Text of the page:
Increased responsible private sector participation in sustainable infrastructure in poorer developing countries through increased flows of private capital & expertise.This will benefit an additional 105.1 million people by the end of 2015.
To improve the incomes and nutrition status of over 1.63 million poor people in Burma by promoting resilient livelihoods and food security food security through agricultural commercialisation and climate smart agriculture, financial inclusion, business and skills development, and targeted nutrition support to mothers and children in the ‘One thousand day’ window between conception and a child’s second birthday.
To help up to 10 million people, especially women and children, in developing countries cope with extreme climate and weather events such as droughts, cyclones and floods (climate extremes). This will be achieved by doing three things. By making grants to civil society organisations to scale up proven technologies and practices in the Sahel, sub-Saharan Africa and South Asia that help people withstand, and more quickly recover, from climate extremes. By identifying the best ways of doing this, and share this knowledge globally to increase the programme’s overall impact. By supporting national governments to strengthen their policies and actions to respond to climate extremes. These will all contribute to the Millennium Development Goals on the eradication poverty and hunger, and environmental sustainability, and also respond to the Humanitarian and Emergency Response Review recommendation that DFID should integrate the threat from climate change into a Disaster Risk Reduction.
A global programme supporting governance and market reforms aimed at reducing the illegal use of forest resources, benefitting poor forest-dependent people and promoting sustainable growth in developing countries.
The 3MDG (Three Millennium Development Goal) Fund to increase access to and availability of essential maternal and child health services for the poorest and most vulnerable in 42 Townships in Burma and HIV, TB, and malaria interventions for populations and areas not readily covered by the Global Fund. This contributes to our Millennium Development Goals by averting the death of 11,569 children under five and 1,450 pregnant women, and helping control major communicable diseases in Burma by December 2016
This programme seeks to improve investment regulation, policy and implementation, to address the constraints to financial sector development, to boost quality public and private investment in priority infrastructure, to assist Burma to realise its trade potential, and to facilitate greater inclusion of women and other excluded groups in Burma’s economic development. This will be achieved through the following delivery mechanisms: • a programme with the International Finance Corporation (IFC) to improve Burma’s investment climate and promote competitiveness • a programme to establish the Burma Enterprise Opportunity Facility, a new facility implemented by a managing agent (to be selected through open competition) to deliver activities in partnership with government, business, civil society and other development partners that support economic reform, and to finance innovative new projects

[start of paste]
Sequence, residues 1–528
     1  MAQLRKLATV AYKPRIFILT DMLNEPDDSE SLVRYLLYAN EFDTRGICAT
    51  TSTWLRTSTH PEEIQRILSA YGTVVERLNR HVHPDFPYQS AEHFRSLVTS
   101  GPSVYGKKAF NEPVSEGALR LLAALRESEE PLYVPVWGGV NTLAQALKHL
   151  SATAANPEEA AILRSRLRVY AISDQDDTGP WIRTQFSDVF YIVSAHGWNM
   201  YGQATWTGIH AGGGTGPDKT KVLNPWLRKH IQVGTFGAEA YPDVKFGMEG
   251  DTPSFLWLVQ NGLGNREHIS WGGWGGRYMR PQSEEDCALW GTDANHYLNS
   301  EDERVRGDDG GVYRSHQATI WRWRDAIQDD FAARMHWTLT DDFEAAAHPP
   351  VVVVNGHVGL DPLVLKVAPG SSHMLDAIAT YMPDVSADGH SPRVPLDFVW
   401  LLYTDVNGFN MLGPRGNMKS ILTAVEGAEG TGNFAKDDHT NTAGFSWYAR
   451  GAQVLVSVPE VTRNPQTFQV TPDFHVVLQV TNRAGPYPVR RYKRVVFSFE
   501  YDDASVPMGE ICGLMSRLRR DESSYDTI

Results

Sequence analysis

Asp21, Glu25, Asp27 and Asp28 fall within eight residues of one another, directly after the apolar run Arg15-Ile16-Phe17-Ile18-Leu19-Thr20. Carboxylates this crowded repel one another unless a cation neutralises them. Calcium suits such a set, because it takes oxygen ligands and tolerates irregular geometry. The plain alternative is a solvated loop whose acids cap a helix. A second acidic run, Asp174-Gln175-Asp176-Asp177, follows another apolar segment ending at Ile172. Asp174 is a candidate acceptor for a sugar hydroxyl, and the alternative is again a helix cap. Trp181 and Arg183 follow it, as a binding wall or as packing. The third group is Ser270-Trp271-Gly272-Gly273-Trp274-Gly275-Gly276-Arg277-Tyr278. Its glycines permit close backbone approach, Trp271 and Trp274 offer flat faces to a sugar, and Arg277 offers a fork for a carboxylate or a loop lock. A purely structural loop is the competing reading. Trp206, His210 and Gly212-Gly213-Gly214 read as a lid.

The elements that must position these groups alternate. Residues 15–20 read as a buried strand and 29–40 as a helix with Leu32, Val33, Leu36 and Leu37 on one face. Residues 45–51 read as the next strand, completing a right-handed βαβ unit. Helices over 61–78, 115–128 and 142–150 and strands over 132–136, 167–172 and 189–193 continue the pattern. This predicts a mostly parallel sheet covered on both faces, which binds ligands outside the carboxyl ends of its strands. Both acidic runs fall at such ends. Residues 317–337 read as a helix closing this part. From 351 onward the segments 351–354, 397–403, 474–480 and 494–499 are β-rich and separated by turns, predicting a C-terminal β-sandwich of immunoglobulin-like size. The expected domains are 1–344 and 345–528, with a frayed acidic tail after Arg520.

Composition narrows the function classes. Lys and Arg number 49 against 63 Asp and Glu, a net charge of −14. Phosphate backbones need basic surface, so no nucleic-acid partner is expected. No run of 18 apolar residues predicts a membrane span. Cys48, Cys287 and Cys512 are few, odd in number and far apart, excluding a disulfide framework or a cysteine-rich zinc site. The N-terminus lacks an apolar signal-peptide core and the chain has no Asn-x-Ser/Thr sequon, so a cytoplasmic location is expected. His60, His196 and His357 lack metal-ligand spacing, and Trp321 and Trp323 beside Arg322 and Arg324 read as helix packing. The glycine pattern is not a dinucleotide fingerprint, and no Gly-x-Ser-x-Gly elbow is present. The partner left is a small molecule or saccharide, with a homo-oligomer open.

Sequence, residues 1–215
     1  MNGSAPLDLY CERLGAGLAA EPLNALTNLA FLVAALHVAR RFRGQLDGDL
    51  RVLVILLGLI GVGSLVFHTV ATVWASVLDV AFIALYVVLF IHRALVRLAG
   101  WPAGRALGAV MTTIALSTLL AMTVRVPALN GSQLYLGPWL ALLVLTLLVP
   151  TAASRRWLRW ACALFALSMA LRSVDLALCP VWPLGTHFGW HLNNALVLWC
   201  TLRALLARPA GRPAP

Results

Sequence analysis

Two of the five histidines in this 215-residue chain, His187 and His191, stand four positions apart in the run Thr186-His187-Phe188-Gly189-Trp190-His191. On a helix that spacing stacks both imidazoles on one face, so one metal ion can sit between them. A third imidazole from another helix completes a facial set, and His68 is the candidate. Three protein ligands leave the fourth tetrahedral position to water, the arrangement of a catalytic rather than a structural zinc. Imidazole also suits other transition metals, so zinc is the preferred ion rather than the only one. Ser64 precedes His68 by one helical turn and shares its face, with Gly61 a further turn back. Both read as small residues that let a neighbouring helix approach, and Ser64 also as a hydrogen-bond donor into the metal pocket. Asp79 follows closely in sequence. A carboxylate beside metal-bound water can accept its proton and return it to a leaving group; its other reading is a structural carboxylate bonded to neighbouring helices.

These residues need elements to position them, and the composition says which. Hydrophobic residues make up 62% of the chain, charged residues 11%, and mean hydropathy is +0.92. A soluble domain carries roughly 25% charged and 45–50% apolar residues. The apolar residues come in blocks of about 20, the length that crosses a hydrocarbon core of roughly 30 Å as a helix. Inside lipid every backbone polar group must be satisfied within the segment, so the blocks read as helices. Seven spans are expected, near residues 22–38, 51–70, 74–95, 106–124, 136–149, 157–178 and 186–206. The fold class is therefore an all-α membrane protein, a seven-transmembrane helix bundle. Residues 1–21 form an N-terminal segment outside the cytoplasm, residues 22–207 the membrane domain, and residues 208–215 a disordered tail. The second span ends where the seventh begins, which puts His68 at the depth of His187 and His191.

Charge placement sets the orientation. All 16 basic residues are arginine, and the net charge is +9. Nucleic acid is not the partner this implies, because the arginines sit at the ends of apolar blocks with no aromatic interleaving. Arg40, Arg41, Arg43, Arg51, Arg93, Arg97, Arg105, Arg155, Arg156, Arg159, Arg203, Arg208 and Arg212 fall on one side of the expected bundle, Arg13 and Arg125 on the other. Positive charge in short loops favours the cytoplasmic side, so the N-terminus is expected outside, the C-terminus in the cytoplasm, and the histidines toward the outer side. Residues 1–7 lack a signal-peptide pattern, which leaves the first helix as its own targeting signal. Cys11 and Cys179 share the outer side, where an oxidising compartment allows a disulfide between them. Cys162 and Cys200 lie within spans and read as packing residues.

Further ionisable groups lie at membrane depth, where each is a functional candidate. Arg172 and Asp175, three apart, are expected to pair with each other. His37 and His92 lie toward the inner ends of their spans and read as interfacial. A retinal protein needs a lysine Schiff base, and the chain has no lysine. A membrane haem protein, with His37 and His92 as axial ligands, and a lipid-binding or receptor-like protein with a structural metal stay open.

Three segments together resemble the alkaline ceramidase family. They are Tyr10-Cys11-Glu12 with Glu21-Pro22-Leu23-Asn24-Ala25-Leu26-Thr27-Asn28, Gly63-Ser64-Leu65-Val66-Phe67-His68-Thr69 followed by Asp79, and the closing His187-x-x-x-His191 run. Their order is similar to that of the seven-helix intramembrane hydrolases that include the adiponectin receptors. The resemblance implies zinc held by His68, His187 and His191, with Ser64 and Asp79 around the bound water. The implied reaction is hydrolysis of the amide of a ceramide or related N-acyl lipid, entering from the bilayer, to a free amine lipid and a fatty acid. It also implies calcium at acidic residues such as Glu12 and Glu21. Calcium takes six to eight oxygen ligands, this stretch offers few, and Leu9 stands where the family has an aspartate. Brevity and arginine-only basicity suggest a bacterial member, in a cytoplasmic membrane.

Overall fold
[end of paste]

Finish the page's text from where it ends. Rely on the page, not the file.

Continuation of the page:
BUPE is to improve the reach and quality of education services in Burma and help prepare Burma’s youth with the skills they need for life after school with the focus on English language, teacher education, examination systems, and education in protracted crises where the UK has a particular comparative advantage. The programme aims to reach up to 51,000 teacher educators, teacher trainees and teachers. Through Education Reform Facility, it intends to support priority reforms on assessment and examination in Burma’s National Education Strategic Plan (NESP) with impact on 9 million children of which support for up to 73,000 will be attributable to DFID. And it aims to support improved schooling in conflict-affected and ethnic areas to help 460,000 children in conflict-affected areas access better quality education, of which up to 46,000 attribuable to DFID.
To improve inter-communal harmony and to participate effectively in the peace process by increasing the capacity of civil society, women, youths, religious and ethnic communities through the Paung Sie Facility (PSF). It gives partners the organisational strengths necessary to do this work themselves in the longer term. The programme also supports greater sensitivity in government, investor and donor policy and practice to inter-communal and other conflict dynamics
To ensure that citizens, especially women, are more strongly represented in Burma's democratic processes and government is more accountable to its citizens. This will be achieved by: improving electoral processes and integrity in Burma; working to enable better functioning parliaments at Union and sub-national level; building a more transparent, inclusive and responsive civil service; ensuring that justice institutions are more transparent and responsive; and, working towards improving national planning capacity and donor coordination.
To improve the use of public finances so that they benefit the people of Burma. The expected results include contributing to increasing tax collection from large tax payers by some £ 170m. The UK will provide £12m to a world bank led programme to work with Ministries of finance and Planning to improve their ability to manage public funds. It will also work with parliament to improve their oversight of public spending. The UK will also provide £5m to civil society to increase their scrutiny over public spending and £ 3m to improve financial transparency in oil, gas and mining sectors.